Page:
16. The method of claim 13 wherein the first material comprises silver.
17. The method of claim 13 wherein the second material is a lanthanide.
18. The method of claim 17 wherein the second material comprises lanthanide nanoparticles.
19. The method of claim 18 wherein the second material is NaYF4:Yb3+, Er3+ nanoparticles.
20. The method of claim 13 wherein the first material comprises silver nanowire and the second material comprises NaYF4:Yb3+, Er3+ nanoparticles.
STATEMENT OF RELATED CASES
 This case claims priority of U.S. Provisional Patent Application 61/637,120 filed Apr. 23, 2012, which is incorporated by reference herein.
FIELD OF THE INVENTION
 The present invention relates to a hybrid composition with optical and electrical properties in general, and, more particularly, to a material for up-converting light and conducting current.
BACKGROUND OF THE INVENTION
 Pressure to use renewable energy sources is growing. One renewable energy source is the sun. Energy from the sun can be harvested by converting sunlight to electricity using a photovoltaic cell or a photoelectrochemical cell. Both such cells are commonly known as "solar cells."
 A photoelectrochemical cell includes a photoactive semiconductor working electrode and a counter electrode made of either metal or semiconductors. Both of the electrodes are immersed in a suitable electrolyte. The materials used as electrodes must have a suitable optical functionality (absorption of solar energy) as well as a suitable catalytic functionality (for reactions such as water decomposition). There are several types of photoelectrochemical cells, including electrochemical photovoltaic, electrochemical photocatalytic, electrochemical photoelectrolytic cells. In systems using photocatalysis, the "catalyst" is typically either a semiconductor surface or an in-solution metal complex. In addition to producing electricity, photoelectrochemical cells can produce fuels (e.g., hydrogen, etc.).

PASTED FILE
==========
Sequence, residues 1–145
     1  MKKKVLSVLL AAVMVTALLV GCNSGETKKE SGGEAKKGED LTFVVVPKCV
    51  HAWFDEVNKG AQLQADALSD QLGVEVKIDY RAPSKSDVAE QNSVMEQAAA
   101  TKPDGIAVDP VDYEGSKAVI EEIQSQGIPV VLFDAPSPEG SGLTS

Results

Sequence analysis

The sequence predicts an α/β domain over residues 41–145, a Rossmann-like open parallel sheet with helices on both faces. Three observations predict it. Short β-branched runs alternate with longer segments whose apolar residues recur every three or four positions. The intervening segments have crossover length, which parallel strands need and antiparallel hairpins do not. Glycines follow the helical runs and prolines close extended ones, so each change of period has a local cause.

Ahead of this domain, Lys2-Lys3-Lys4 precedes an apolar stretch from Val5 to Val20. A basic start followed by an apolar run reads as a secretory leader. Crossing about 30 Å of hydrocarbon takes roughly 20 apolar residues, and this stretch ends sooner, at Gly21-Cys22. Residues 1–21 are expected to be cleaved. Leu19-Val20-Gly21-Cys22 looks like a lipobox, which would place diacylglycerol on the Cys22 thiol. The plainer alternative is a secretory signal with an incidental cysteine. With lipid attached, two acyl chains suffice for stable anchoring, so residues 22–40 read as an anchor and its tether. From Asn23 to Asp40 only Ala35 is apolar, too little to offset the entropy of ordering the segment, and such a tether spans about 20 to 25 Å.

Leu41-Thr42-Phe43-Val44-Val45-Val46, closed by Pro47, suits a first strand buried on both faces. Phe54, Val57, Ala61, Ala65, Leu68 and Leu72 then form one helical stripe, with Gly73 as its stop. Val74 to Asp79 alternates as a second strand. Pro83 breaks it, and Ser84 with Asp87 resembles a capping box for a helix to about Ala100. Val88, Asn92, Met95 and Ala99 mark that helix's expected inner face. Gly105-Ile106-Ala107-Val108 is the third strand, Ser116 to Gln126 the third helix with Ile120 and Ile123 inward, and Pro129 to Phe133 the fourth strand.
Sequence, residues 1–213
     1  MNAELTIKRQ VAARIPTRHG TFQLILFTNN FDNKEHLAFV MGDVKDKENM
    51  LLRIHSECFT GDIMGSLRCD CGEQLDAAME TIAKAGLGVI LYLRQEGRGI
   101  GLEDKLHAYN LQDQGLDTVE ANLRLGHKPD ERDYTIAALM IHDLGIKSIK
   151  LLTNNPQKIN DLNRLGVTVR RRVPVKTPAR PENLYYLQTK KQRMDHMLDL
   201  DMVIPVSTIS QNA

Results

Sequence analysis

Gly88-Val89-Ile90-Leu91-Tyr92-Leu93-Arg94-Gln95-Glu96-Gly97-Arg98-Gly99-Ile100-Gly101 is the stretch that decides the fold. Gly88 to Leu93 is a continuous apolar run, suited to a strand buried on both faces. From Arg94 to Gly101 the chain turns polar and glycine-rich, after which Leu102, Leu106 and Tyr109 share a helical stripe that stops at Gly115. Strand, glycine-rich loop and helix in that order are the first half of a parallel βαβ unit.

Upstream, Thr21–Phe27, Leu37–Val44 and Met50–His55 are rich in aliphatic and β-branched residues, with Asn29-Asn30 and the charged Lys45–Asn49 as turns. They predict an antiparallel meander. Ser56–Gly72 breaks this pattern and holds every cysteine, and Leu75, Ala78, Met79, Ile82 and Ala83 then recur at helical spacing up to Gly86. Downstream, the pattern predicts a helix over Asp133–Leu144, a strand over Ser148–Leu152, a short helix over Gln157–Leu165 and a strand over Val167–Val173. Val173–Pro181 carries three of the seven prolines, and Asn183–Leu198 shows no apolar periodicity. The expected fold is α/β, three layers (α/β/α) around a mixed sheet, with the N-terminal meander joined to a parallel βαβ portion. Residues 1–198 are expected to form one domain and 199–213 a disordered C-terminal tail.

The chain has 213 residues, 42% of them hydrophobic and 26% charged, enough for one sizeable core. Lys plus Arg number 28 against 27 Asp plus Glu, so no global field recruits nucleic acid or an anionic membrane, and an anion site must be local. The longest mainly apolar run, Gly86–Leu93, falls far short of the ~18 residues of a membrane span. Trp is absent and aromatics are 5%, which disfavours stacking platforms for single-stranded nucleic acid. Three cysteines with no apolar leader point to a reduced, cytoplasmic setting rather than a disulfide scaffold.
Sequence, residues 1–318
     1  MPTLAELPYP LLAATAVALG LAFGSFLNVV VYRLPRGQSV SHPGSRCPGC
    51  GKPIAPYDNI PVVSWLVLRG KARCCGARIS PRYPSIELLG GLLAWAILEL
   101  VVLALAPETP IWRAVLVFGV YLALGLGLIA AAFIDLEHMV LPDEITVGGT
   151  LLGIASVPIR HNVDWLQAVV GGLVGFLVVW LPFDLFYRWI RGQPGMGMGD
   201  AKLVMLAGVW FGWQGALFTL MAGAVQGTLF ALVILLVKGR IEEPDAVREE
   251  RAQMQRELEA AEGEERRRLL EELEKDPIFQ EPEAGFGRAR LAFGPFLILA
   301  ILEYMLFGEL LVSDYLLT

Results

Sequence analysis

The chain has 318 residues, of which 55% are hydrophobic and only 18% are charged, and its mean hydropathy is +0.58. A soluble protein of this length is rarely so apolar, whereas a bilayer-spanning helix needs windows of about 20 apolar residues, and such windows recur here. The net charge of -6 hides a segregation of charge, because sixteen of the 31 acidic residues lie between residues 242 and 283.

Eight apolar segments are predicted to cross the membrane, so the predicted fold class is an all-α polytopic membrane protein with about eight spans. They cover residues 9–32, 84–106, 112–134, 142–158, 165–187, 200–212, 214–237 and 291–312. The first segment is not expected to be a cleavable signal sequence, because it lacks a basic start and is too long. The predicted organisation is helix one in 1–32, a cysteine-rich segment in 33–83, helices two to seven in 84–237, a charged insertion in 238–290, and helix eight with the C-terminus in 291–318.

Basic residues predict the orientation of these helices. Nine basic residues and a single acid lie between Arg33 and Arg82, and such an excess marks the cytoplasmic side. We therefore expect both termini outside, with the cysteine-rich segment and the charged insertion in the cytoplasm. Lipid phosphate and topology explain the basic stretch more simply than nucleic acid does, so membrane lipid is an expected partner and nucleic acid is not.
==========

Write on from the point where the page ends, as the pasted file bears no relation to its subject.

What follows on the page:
A basic photovoltaic cell includes an "optically active" region in which electricity is generated and two contacts for extracting that electricity. The optically active region typically comprises abutting layers of n-type semiconductor and p-type semiconductor. A single p-n junction is created at the interface of the layers, thereby creating an electric field.
 When sunlight shines on either a photoelectrochemical or a photovoltaic cell, it can be reflected, absorbed, or transmitted. Only the light that is absorbed in the optically active region ultimately generates electricity. More particularly, only photons having an energy that is at least equal to the band gap of the active region can free an electron from (the semiconductor material in) that region. It is those freed electrons, in conjunction with electric field(s) established in the active region, which create an electrical current. In other words, the photovoltaic cell can only use the portion of the sun's spectrum that is above the band gap of the absorbing material; lower-energy photons are not used. The band gap for most photovoltaics is 1.1-1.7 eV, which correlates to wavelengths in the range of about 1100 nanometers (nm) to about 730 nm.
 One way to address the issue of the sun's "useful" spectrum is with a multi-junction cell. A multi-junction cell is essentially a stack of individual single-junction cells arranged in order of descending band-gap. Photons below the band gap of the first cell are not absorbed thereby and are transmitted to second cell. The second cell absorbs the higher-energy portion of the remaining solar radiation and remains transparent to photons below its band gap. This selective absorption process continues to the final cell, which has the lowest band-gap. In this way, multi-junction cells convert a greater range of the sun's energy spectrum to electricity than single-junction cells, thus potentially achieving higher total conversion efficiency.
 Unfortunately, the increased efficiency of multi-junction photovoltaics comes at a price. Specifically, multi-junction cells require both photocurrent and lattice matching between the various semiconductor layers for high performance. Materials that satisfy these criteria are expensive and require costly deposition processes.